Medics should be held to account - mother
Medics should be held to account, says motherCAROLINE KING
The mother of a Christchurch soldier who died because of inadequate care after elective brain surgery feels there should be consequences for those who failed her son.
Clinton-John Botha, 21, who was nominated for a bravery award while serving with the New Zealand Army in East Timor, died on March 7, 2009, in Christchurch Hospital after surgery to relieve severe headaches.
Health and Disability Commissioner Anthony Hill found Botha died because of "sub-optimal" processes and practices in the neurosurgical unit.
Botha's mother, Charlotte Botha, said the findings confirmed what she had discovered from her inquiries into her son's death.
She received a letter of apology from the hospital but felt it would have been more appropriate coming from the staff involved - a trainee neurosurgeon, a consultant neurosurgeon and three nurses.
Botha could not understand why there was no consequences for the staff who made the mistakes.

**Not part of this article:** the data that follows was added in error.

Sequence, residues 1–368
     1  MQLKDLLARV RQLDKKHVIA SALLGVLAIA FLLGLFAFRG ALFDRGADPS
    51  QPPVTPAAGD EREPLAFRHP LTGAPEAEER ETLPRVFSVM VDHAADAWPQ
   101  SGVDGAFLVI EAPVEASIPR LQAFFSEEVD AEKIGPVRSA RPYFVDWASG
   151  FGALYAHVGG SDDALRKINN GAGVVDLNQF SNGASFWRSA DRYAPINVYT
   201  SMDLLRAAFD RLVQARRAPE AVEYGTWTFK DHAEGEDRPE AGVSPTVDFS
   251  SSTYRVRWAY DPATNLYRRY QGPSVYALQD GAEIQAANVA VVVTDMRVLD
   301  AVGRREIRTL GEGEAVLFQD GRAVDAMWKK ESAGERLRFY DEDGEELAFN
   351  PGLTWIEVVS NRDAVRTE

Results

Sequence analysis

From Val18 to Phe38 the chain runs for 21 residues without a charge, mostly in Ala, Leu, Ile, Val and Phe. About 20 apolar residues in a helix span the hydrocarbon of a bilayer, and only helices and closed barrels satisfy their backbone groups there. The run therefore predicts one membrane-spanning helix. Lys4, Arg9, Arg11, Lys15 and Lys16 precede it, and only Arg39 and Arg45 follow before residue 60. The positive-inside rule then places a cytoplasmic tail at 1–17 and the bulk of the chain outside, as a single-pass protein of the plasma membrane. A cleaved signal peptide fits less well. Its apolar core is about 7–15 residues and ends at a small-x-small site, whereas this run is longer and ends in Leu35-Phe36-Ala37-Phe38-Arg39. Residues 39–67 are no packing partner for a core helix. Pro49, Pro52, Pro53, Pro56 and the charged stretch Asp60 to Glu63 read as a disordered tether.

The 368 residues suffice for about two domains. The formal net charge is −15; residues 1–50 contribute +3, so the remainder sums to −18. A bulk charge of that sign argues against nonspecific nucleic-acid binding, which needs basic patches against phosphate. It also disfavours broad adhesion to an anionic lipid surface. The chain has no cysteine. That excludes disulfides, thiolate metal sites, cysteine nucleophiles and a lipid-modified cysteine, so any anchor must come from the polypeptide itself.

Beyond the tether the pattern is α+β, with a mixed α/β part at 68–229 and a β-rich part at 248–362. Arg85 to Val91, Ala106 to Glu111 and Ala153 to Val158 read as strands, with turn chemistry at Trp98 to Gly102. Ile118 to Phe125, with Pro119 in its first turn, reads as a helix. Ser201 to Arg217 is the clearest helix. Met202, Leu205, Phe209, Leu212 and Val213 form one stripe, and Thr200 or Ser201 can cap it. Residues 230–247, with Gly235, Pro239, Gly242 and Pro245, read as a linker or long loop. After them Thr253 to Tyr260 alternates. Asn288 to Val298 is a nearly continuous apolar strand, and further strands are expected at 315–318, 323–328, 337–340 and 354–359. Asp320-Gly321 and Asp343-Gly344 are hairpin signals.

"My son didn't have to die if people did their job properly. There were at least three to five people that compromised his care,'' she said.
''There was a nurse stationed next to his bed. A nurse was sitting next to my son while he was dying.
"There are no consequence. It's almost like his life was meaningless. That's my frustration.
"There should be something. I'm not saying they should lose their jobs; perhaps some retraining or a fine to say, 'Hey, you really messed up'."
Botha believed that if she had not have made the complaint and investigated, nothing would have happened.
"It's the only place in New Zealand that you can do something really bad and there's no consequences. Even if I pay my power bill late, there's a penalty," she said.
However, the findings did provide some closure for the family, Botha said.
She hoped it would help the family put the events surrounding his death behind them and remember him as he was, a "good, caring person".
"Even on the day of his funeral a girl came to me and put a letter in my and said, 'I always wanted to give this to Clinton; I want you to have it','' she said.
"She was going to commit suicide and he talked her out of it. In the letter she was thanking him for being there. That's the type of boy he was. I'll treasure that forever."
She said the family were still trying to cope with the loss.
"We light a candle for him every night. It's still hard," Botha said.
An inquest into Botha's death is continuing.
- The Press
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